Wednesday, June 21, 2006

My language, right or wrong

As is well known, grammarians (and other non-philosophers) fall into two types: prescriptivists and descriptivists. The former feel free to tell everyone else how to talk, and the latter tell the former to lighten up and go with the flow. (The novelist David Foster Wallace has an amusing, characteristically footnote-ridden piece about his own membership in the prescriptivist marching society, for which body he has an equally amusing but alas unmemorable neologistic acronym - "floot"? "froot"? "snoot?")

This is a non-issue, or should be anyway, for philosophers. Language changes, at a speed and in a manner to be determined by its users on a case by case basis. In the face of perceived linguistic anarchy, prescriptivists are right that there are indeed objective "linguistic facts" -- that word X means "y" and not "z", or that string W is not well-formed -- but any imperatives (prescriptions) we may derive from same are what you might call "hypothetical" rather than "categorical." That is, while it is (as they say) a true fact that "dog" means "one of those [indicating Fido]" and not "one of those [indicating Garfield]", the only sense we can ultimately make of this sort of "semantic normativity" is that IF you wish to speak in the way that English speakers (as a matter of empirical fact) typically do, THEN (and now comes the normativity) you must say "dog" when speaking of Fido and his canine kin, and "assassinated U. S. President" when speaking of Garfield, Lincoln, et al. (A related point is that IF you wish to be understood by English speakers (or perhaps to keep from annoying them), THEN you must speak in the way that they typically do, or at least refrain from improvising freely.)

Or so we Davidsonians say (locus classicus: "A Nice Derangement of Epitaphs," now available in Truth, Language, and History). This means that in particular cases the issue is not whether there are linguistic facts, but whether our purposes are best served in this case by speaking this way or that. In general, useful distinctions are retained while useless ones fade away. The problem arises when some people let distinctions become obscured while others are still using them (and hoping to do so in the same way they had been doing up to now, by saying this and not that). The proper philosophical attitude to take here is again that it'll all come out in the wash (which is often, I find, the proper philosophical attitude to take).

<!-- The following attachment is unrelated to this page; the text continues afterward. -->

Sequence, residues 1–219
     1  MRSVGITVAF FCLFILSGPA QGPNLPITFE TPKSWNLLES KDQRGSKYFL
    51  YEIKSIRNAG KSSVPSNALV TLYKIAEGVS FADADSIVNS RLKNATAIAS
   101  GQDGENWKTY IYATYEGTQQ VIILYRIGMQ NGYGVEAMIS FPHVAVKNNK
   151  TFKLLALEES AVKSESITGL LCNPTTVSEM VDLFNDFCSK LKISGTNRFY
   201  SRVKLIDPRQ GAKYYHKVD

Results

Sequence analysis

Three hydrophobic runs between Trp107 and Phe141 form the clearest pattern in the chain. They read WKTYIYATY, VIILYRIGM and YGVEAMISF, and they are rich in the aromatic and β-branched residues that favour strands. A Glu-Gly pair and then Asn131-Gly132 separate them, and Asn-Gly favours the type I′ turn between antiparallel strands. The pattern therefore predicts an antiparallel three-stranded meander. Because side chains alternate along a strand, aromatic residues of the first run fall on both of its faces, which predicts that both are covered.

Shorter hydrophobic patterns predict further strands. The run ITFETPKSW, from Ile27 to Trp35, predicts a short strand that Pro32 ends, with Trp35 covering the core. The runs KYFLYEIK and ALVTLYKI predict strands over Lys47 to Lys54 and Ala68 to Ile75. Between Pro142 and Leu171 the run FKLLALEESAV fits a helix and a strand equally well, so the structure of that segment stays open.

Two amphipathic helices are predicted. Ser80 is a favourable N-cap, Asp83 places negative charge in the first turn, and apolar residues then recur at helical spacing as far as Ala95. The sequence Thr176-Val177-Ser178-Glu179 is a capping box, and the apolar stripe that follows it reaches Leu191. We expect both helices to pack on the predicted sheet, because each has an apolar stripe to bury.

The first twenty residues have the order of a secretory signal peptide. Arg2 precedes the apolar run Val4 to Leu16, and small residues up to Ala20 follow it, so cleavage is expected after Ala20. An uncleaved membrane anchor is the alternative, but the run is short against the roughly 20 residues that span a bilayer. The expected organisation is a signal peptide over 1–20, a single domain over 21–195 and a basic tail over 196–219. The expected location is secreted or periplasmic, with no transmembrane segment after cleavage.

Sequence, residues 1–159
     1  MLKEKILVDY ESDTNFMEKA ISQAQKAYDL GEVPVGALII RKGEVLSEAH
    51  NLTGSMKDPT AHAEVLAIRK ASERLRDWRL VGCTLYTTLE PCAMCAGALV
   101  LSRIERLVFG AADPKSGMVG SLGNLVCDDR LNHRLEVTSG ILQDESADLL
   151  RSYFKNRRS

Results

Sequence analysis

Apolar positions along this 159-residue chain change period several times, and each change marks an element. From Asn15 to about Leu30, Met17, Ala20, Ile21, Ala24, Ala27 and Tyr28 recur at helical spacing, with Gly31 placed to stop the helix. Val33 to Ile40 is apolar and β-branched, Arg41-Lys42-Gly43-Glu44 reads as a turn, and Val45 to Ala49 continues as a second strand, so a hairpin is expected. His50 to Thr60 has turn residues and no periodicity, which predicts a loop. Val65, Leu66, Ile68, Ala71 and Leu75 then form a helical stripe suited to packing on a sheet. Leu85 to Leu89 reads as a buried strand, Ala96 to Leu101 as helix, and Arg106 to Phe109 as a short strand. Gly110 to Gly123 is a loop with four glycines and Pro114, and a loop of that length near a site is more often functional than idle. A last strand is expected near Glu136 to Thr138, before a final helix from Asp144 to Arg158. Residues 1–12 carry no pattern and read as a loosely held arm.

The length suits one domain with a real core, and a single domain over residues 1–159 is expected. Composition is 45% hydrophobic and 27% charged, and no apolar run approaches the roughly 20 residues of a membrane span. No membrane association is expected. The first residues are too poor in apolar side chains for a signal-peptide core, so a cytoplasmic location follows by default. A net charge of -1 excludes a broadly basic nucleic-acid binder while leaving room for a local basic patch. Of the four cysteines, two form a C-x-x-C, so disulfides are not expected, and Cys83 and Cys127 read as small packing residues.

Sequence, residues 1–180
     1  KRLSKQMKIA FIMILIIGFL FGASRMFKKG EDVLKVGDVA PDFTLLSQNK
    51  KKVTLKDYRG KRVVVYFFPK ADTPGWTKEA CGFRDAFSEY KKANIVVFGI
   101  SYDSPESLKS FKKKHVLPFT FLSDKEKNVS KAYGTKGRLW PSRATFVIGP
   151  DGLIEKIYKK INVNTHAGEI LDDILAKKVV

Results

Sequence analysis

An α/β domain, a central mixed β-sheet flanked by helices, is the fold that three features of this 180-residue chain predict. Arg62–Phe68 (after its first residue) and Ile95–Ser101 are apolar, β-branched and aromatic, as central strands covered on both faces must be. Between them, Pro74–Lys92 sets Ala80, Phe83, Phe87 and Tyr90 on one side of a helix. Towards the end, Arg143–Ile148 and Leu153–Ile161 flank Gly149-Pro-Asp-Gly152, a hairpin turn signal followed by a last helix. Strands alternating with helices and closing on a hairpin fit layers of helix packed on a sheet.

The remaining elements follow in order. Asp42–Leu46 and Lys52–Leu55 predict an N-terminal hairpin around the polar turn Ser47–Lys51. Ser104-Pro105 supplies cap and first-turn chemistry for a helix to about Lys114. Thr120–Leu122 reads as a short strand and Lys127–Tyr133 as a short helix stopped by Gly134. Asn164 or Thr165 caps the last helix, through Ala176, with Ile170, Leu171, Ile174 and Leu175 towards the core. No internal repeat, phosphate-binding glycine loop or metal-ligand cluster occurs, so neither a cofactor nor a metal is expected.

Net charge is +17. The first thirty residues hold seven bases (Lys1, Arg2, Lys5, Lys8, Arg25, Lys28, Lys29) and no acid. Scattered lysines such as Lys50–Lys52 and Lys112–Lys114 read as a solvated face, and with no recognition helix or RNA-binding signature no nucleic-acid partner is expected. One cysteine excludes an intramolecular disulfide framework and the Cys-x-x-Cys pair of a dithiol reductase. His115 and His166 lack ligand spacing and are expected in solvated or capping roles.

So we should be neither hard-line prescriptivists nor hard-line descriptivists (as neither position is coherent). The sympathy I have for either is limited to the empirical fact that proponents of the other can be annoyingly dense. If language currently allows a useful distinction, then let's not just let it go out of sheer carelessness. Common courtesy suggests that if someone is using something, you don't just throw it out just because you can't be bothered not to (and maybe you'd like to use it too - try it and see). We all have our favorites, but I appreciate the semantic distinction between "jealous" and "envious", and of course I have a professional interest in keeping "imply" and "infer" straight. And some things are just eyesores (quotation marks for emphasis, possessive "it's"; again, we all have our favorites).

On the other hand, there's nothing quite like doctrinaire prescriptivists for cluelessness. They make me appreciate the existentialist notion of "bad faith": I don't have to use my judgment, there's a rule I can follow (and berate others sanctimoniously for not following)! It's like (and indeed I imagine in some cases this really is it) they want to be able to feel justified in inferring social class (and thus ultimate worth) directly and reliably from forms of speech - how can we distinguish Us from Them if you insist on talking in a way in which (even if there is no other reason not to do so) They do and We do not?

What's particularly galling is the (not at all unusual) cases in which prescriptivists are (ironically enough) just wrong. Again we all have favorite examples (mine is the ridiculous kneejerk rejection of singular "they," which is just fine, thank you). I ran across another today, which I don't think I'd ever seen before. Baldo is perhaps the most annoying and reliably unfunny comic strip I've ever seen, but I can't help sparing the 2 seconds it takes every day to read it. Today's jape features the pretentious Anglo (naturally) English teacher upbraiding car-parts shop employee Baldo:
Baldo: Can I help you?
PAET (snarkily): I don't know – can you?
... the point being, of course, that what B. "should" have said was "May I help you?" Now of course this latter is a traditional greeting and perfectly idiomatic, employing a locution that people do in fact abuse in the form our man no doubt usually hears it (his response here is, verbatim, that my 4th-grade math teacher regularly gave to "Can I go to the bathroom?"). But Baldo's actual question makes perfect sense on its own terms. For if he were to return snark for snark, we might hear:
Baldo: I don't know either – tell me what you want, and I'll see if ... (wait for it) ... I can help you.
At least that's better than "Whom should I say is calling?"

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